Posts Tagged “music”

Awhile back, I heard a well-regarded poet read her words so woefully on the PBS ‘News Hour’ that I truly could not follow the thread of meaning — the delivery was wooden, and so very artifical.   In response, I wrote this:

The Music in Language
           by Judith Lang Zaimont
           [ (c) copyright 2009 ]

He squawks, he shrieks,
he pounds the tonic accents with such force
      that I, as listener,
      shiver from the assault of passion.

She, a renowned poet,
delivers in so mundane a monotone
       that meaning is lost in waves
       of falling intonation, arbitrarily
       marking the end of every line
               — her delivery, so leached of contrast
                   that all I, a listener,
                   can glean
                  is what she telegraphs:
       This writer’s great detachment from the stuff of words.

Why, over and over
                do we, as listeners,
                suffer a newscaster’s dreary delivery
                in one of just two modes,
                         polar opposites
                        “perky” or “solemn” ? –
No shades of variant meaning
no middle ground.

Why do we, as passengers,
                puzzle through flight attendants’
                irksome unreasoned stress on all
                the small, connective, throwaway words?
Why not stress “life jacket”, “seat belts” ?
They’re important phrases
                whose high freight of meaning
                demands stress at highest pitch.

Actors know.
Actors know the secret of the music in language.

Pacing – let’s have a sliver of silence
               before the keyword –
               a half-beat of nothing.
Color — from shout to whispered syllable
              (perhaps a whisper delayed).
Tempo — a stutter, a torrent, a mechanistic drone.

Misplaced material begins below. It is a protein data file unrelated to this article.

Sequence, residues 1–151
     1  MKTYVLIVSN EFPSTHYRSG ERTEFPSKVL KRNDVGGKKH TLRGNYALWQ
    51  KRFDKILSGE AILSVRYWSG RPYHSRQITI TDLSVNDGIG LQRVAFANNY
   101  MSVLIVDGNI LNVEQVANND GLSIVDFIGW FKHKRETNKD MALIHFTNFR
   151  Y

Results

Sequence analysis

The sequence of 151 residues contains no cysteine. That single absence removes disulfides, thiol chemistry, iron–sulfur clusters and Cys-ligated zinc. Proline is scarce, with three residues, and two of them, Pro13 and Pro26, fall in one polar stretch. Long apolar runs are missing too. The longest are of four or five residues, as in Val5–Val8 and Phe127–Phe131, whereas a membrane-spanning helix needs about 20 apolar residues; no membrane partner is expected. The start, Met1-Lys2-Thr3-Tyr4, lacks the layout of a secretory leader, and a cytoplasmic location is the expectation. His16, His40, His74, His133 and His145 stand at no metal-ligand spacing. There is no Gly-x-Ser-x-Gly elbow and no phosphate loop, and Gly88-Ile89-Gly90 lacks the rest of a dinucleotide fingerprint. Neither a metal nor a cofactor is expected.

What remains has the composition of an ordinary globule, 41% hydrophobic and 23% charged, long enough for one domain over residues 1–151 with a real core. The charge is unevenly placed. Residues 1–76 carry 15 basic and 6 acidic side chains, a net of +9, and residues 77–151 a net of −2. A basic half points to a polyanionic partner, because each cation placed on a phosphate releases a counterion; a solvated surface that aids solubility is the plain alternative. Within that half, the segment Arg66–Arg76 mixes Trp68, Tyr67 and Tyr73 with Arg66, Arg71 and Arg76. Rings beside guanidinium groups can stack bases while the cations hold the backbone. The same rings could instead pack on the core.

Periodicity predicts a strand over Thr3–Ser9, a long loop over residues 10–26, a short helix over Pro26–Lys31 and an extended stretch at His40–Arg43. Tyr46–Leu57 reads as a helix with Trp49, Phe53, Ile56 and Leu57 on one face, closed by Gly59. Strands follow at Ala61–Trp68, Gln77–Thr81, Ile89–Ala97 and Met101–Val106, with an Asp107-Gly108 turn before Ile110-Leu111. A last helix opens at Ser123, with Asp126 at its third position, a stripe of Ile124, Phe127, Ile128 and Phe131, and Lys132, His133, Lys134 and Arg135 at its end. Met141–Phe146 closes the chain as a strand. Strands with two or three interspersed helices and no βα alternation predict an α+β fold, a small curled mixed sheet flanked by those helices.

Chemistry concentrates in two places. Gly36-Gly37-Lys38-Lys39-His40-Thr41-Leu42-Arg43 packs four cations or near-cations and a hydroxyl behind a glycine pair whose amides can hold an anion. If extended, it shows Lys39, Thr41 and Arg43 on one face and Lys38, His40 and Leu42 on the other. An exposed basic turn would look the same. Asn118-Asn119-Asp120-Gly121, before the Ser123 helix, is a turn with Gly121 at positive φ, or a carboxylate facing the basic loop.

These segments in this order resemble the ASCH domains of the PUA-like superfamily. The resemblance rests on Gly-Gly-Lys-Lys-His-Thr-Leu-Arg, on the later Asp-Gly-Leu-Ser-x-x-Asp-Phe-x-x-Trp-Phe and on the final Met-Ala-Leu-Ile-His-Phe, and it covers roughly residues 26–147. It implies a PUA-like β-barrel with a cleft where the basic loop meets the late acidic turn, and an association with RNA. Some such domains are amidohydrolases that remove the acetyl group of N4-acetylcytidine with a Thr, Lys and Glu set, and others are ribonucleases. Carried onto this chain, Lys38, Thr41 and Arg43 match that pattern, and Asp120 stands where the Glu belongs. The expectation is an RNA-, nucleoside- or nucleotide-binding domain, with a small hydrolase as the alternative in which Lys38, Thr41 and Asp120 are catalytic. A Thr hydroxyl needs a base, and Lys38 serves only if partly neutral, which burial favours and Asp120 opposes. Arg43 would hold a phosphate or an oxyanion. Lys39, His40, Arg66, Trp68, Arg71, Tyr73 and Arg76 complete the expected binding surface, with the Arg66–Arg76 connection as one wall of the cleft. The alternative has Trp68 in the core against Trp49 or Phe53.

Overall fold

Add in Pitch to shed needle spots
              right where meaning demands it .
These devices grant message to our delivery.

Music is in all these – and through music
              thus
              meaning.

Yes, we compose our thoughts.
Why not, then ,
              like great maestros channeling a tonal army,
              why not compose our saying of them?

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Composers In Mysteries

Step past those tormented, fictional Wagner aspirants in bible-length novels — and for today let’s also set aside Thomas Mann. I’m a mystery nut, and I relish the present-day novels of Sara Paretsky, a mystery master who threads music into almost everything she writes. And in more than one of her books, the composers themselves show up.

Paretsky’s protagonist is V. I. Warshawski (Victoria Iphigenia – Vic for short), a Chicago PI who’s obstinate, cunning, intuitive, a quick thinker, and a general pain in the neck to many of her associates but who sticks with it, thinking through every case even as she hares around the state until the mystery in solved, no matter the bruises or bullet wounds that come her way. The daughter of a singer (mom) and a police detective, Vic keeps a piano in her apartment and often breaks into snatches of aria. (She’s also an expert basketball player and very accurate with a handgun.) Two of Vic’s close friends, both doctors, are Holocaust survivors who support Chicago’s symphony and chamber music scene, so Vic gets to a concert from time to time.

In one Paretsky short story, a composer of the distant past turns out to be an ancestor of Vic’s. And in the layered novel I’m now reading, Body Work, one character is a bassist in both jazz and early music groups, so lyrics by the trobairitz Maria de Ventadorn turn up.

But the most memorable composer appearance is in an earlier Paretsky book where one of the doctor’s sons (a cellist) comes to town with his girlfriend, Israeli composer and piano prodigy Or Nevitzky, whose new chamber piece is premiered and described in detail. — I have to believe Nevitzky stands in for Shulamit Ran, whose bio is virtually the same as the fictional character’s, and who has long been associated with music in Chicago.